Flight delays get rare cooperative action in Congress
Lawmakers from both parties agree to more funding for the FAA to relieve sequester-prompted furloughs of air traffic controllers.
It's been a rough week for air travelers in the U.S., as the automatic federal spending cuts required by the sequester kicked in. Furloughs were triggered for about 15,000 Federal Aviation Administration air traffic controllers as part of the FAA's $600 million, across-the-board budget cuts.
The resulting flight delays at major cities like Los Angeles, Chicago and New York were expected, but they came with a vengeance. According to FAA data quoted by CNN more than 3,000 flights have experienced significant delays since last Sunday, thanks to reduced staffing of air traffic controllers.
But late Thursday night, just as Congress was planning its Friday getaway from Washington for a week-long recess, the Senate unanimously passed a plan to ease those FAA spending cuts. The U.S. House of Representatives passed it on Friday, and President Barack Obama is likely to sign it shortly.
The three-page bill allows for up to $253 million dollars to be moved into the FAA's operations budget. That would end -- if only for the moment -- the air traffic controller furloughs. But it's unclear if that funding could be used to help restaff the nearly 149 air traffic control towers at smaller, regional airports that were also hit by sequestration.
As expected, lawmakers declared a victory as they packed up to go home. "Something rare has happened in Washington," Sen. Jerry Moran, R-Kan., told WSB Radio, "the Senate came together on a bipartisan basis."
"We should not allow sequestration to cripple travel, tourism, business and commerce," added Sen. Mark Udall, D-Colo.
The White House said it welcomed Congress' action, but noted it was a short-term solution to the larger issues caused by the sequestration.
"It will be good news for America's traveling public if Congress spares them these unnecessary delays," White House spokesman Jay Carney said in a statement quoted by Reuters. However, Carney added, "this is no more than a temporary Band-Aid that fails to address the overarching threat to our economy posed by the sequester's mindless across-the-board cuts."
The airlines have been clamoring this week for the government to do something to resolve the air traffic controller issue. "Common sense tells all of us that this can't go on," Southwest Airlines (LUV) CEO Gary Kelly told Bloomberg on Thursday. "It does need a quick resolution."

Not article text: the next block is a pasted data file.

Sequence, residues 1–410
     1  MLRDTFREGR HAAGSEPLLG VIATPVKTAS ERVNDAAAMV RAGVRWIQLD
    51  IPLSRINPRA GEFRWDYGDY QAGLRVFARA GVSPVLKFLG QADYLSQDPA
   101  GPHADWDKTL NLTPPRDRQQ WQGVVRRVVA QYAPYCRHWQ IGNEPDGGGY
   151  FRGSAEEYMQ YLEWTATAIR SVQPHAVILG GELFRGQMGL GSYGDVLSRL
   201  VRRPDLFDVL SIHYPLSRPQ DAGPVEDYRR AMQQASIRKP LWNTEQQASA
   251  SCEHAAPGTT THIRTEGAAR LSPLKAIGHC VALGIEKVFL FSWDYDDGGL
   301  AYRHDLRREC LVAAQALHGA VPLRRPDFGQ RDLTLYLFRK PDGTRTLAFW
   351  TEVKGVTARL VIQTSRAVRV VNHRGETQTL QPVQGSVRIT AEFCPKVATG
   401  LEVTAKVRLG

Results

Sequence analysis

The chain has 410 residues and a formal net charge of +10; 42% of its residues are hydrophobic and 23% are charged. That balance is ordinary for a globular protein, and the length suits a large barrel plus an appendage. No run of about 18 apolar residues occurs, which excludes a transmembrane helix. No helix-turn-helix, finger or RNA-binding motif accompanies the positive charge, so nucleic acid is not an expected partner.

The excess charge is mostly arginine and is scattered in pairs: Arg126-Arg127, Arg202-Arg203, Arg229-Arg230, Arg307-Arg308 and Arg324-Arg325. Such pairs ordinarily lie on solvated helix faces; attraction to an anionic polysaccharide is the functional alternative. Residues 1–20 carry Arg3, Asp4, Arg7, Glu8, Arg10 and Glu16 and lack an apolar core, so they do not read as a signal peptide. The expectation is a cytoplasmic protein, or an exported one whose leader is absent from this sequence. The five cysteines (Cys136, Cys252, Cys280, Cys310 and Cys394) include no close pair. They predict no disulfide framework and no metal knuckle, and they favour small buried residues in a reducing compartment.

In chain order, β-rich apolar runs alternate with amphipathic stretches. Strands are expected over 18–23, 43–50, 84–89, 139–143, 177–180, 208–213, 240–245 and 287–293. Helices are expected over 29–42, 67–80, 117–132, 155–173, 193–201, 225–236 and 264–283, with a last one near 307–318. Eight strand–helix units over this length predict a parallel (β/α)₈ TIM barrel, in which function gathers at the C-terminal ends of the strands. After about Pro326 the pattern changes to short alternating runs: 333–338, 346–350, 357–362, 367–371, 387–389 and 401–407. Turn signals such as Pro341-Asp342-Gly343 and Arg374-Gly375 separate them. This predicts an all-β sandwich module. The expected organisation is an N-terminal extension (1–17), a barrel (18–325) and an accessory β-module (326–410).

cocktail with the mistress...or is that the wife?....or the wife AND the mistress?
Yes, thats it !
535 Colossal Wastes of Public Money !!!
And they have the nerve to call anyone else "entitled".
Once again our elected representatives have demonstrated that our laws are meant for the general public and not themselves. The only book they worship is their pocket books. They are similar to the Mafia: they care only about themselves - the rest of us are just along for the ride The president should have put congress on furlough w/o pay. That is the only thing that would have resonated with their political agendas. They are worse than cowards: they have theirs so they care not about the general welfare of our citizens.
Obama Rejects GOP call to appropriate sequester cuts, LA Times, Feb.26, 2013.
The GOP offered Obama the authority to pick where the domestic cuts hit within departments, but it was rejected.
They should be doing this with every department on the sequester cuts. We waste 15% or more of all the money we spend, much more than the cuts.
Maybe there should be a tax added to each airline ticket and to each package shipped by air to help offset the cost of running the Air Traffic Controlers. Between local and international flights there would be a good source of income, provided it goes directly to the FAA ATC, the same with a package charge for UPS, FEDEX, Global, DHL etc.
The cost of running the ATC should be spread over the people who utilize it most. I understand they protect us all, but a tax on use would either fund the department, or limit flights.....both would increase Air Safety
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[BRIEFING.COM] The stock market finished an upbeat week on a mixed note. The S&P 500 shed less than a point, ending the week higher by 1.3%, while the Dow Jones Industrial Average (+0.1%) cemented a 1.7% advance for the week. High-beta names underperformed, which weighed on the Nasdaq Composite (-0.3%) and the Russell 2000 (-1.3%).
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